You can now dual-boot Windows onto a Surface Duo, though you probably shouldn't

Surface Duo 2020
Surface Duo 2020 (Image credit: Daniel Rubino / Windows Central)

What you need to know

  • A developer has created a guide for how to dual-boot Windows and Android onto the Surface Duo.
  • Windows is quite limited when running on the Surface Duo, including not supporting touch, cellular connectivity, and a list of other important features.
  • The Surface Duo is not intended to run Windows, so forcing the operating system onto the hardware could break the device.

Some people have a dream of running a foldable Windows-powered device in their pockets. Developer Gustave Monce is trying to make that dream a reality. He has managed to get Windows to run on Microsoft's foldable and worked with Simone Franco to create a guide for dual-booting Android and Windows onto the Surface Duo.

At its current stage, the Duo running Windows is more of a fun project than something people should hope to use in any functional capacity. While it's possible to get the Surface Duo to run Windows, it will not support touch, pen, or several other key elements. It only

Following the guide, which is available on GitHub, will result in a Surface Duo running both Android and Windows. The device will split its storage in half, committing 64GB for each operating system. Android will run as normal but using Windows will require a PC to boot.

If it wasn't clear by the nature of the process, this isn't an intended use case for the Surface Duo. The installation guide warns that running Windows on the Surface Duo is in early preview.

"We don't take any responsibility for any damage done to your phone. By following this guide, you agree to take full responsibility of your actions," explains the guide. "We have done some testing, but this is AN EARLY PREVIEW and things can go wrong."

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The process has only been tested with the 128GB version of the Surface Duo. It's compatible with devices running Android 10 or Android 11.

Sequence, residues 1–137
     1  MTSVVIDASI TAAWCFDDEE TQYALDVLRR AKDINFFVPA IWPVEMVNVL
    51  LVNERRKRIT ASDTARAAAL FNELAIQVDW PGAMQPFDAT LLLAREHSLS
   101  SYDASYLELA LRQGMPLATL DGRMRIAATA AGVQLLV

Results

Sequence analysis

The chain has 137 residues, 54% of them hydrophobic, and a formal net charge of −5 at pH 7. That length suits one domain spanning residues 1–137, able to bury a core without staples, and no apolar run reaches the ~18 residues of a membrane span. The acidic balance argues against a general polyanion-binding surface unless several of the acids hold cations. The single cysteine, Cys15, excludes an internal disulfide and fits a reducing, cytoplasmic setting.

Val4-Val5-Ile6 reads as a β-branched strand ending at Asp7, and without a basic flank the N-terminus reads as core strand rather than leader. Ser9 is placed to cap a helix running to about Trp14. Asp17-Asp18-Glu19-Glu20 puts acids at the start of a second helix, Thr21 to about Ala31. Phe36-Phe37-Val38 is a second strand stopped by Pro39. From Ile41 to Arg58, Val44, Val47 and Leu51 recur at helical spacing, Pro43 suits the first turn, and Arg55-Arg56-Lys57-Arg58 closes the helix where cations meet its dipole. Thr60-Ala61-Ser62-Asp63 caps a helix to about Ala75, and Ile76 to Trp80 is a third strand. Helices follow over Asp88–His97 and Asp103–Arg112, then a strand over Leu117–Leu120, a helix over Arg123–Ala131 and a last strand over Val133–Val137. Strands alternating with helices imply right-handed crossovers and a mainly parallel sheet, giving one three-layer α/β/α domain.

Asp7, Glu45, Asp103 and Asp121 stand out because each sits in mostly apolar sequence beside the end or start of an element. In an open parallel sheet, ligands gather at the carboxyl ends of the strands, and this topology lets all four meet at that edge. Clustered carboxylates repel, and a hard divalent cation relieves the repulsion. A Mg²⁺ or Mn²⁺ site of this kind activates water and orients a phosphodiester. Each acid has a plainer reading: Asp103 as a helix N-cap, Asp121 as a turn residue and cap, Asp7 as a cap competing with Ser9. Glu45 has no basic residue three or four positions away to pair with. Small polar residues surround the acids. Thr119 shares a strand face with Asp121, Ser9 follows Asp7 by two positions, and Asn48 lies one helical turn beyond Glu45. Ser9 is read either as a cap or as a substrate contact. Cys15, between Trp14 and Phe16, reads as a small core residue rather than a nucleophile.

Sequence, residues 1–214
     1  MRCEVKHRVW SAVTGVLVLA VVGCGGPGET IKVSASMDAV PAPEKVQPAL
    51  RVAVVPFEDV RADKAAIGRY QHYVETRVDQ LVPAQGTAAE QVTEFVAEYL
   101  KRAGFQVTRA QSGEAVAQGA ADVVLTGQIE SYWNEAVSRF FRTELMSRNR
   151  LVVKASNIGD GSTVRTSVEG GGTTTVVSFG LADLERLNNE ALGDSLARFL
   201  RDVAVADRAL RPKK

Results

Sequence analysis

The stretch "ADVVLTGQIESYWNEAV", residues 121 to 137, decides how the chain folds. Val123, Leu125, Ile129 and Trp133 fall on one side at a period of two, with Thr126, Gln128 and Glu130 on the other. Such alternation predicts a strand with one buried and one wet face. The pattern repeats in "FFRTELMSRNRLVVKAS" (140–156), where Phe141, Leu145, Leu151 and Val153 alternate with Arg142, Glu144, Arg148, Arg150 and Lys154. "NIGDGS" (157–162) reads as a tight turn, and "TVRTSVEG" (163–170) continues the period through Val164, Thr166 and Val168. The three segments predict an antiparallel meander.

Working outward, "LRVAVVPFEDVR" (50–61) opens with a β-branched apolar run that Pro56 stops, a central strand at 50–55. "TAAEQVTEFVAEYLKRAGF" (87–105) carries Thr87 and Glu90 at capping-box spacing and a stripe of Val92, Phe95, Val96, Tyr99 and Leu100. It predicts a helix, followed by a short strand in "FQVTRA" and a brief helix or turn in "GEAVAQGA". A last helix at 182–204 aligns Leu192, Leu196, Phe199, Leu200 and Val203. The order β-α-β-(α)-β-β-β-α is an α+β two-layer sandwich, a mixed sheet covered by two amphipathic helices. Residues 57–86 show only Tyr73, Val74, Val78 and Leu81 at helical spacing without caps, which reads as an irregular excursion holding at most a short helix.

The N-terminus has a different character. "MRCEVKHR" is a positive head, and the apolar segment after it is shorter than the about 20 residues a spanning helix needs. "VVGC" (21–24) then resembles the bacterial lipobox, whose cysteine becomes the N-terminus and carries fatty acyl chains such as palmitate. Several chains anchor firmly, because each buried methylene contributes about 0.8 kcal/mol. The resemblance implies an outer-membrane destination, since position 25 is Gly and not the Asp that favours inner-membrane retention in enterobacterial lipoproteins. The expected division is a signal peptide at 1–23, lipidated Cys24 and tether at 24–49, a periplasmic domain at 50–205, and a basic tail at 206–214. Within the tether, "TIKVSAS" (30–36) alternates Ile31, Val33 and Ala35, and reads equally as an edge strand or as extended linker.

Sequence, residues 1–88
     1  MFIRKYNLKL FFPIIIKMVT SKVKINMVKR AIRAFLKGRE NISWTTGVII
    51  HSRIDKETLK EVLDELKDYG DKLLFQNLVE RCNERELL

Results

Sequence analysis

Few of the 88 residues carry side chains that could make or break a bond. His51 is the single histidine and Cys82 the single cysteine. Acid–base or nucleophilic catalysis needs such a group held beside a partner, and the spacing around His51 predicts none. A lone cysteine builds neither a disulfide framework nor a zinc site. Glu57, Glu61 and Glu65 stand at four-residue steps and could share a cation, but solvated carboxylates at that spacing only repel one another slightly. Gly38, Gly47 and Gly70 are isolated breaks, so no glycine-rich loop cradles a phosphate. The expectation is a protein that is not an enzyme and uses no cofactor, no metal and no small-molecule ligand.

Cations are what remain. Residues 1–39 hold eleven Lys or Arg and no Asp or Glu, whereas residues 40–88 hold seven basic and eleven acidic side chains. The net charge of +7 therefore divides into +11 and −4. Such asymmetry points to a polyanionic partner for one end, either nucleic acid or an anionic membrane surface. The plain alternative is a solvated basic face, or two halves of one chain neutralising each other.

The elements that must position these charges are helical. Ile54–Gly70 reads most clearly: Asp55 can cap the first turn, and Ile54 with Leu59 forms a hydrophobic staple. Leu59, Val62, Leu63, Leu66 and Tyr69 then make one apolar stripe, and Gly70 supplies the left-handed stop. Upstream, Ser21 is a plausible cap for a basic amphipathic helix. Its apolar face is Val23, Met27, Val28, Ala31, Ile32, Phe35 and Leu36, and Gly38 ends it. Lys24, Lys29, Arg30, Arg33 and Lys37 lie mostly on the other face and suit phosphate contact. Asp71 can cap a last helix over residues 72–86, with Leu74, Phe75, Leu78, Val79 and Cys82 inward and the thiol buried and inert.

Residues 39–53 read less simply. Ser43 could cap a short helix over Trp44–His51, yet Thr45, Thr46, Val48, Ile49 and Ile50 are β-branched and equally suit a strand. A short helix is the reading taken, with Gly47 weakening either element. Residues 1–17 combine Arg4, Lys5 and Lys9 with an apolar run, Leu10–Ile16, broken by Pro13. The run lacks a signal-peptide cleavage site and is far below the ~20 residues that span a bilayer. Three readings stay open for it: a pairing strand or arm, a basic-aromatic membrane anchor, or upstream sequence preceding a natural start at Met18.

Monce has worked extensively to get Windows to run on devices that were never meant to run the operating system. Most famously, he managed to get the full version of Windows to run on a Lumia 950.

Hacking Windows onto devices takes time and often relies on gap fillers to deliver functionality. But if you're a technical user that has a spare Surface Duo around, it's possible to have it run Windows.

Sean Endicott
News Writer and apps editor

Sean Endicott brings nearly a decade of experience covering Microsoft and Windows news to Windows Central. He joined our team in 2017 as an app reviewer and now heads up our day-to-day news coverage. If you have a news tip or an app to review, hit him up at sean.endicott@futurenet.com (opens in new tab).

4 Comments
  • Despite wanting a Windows version running on Duo/Duo 2, I'm actually happy with the current setup. As long as Microsoft continues improving their own software to properly utilize the Duo's form factor, I'm good. I know it's literally beating a dead horse, but I would just love for Microsoft to bring back the Cortana App for the Duo series. Yes, I know, it wouldn't make much sense to do so, but one can dream. Lol
  • I'm honestly surprised that Microsoft completely bowed out of mobile. Sure, hardware was a losing game, but I'd love an Windows on ARM ISO that I could throw onto spare Android devices. An official avenue to get that would be a boon for developers and allow people to keep innovating, especially now that apps are becoming less of an issue as PWAs gain traction. They already had UWP versions of a dialer, messages, and carrier services from Windows 10 Mobile that they could have baked into any release. If I could buy a Galaxy Fold or a Duo 2 and then install a version of Windows 11 with Phone and SMS/RCS apps I'd do so in a heartbeat. Especially since the Galaxy Fold has video out which would enable something like Continuum instead of Dex.
  • Microsoft can't just create an ISO to put on any random Android device. That's not how it works, unfortunately. What you suggest wouldn't be a boon for developers. Why should anyone care except for a handful of enthusiasts playing around? It would be unnecessary work and effort for nothing, a waste of time and money for Microsoft.
  • Not really, many people bought phones to flash wm6.x roms. There was a major following - heck windows central was formerly created due to that following under WMExperts. Microsoft can have their cake and eat it all they have to do is create flashable WoA roms. Developers and OEMs will do the rest. It's easier for the latter since pretty much all modern phones have onscreen buttons.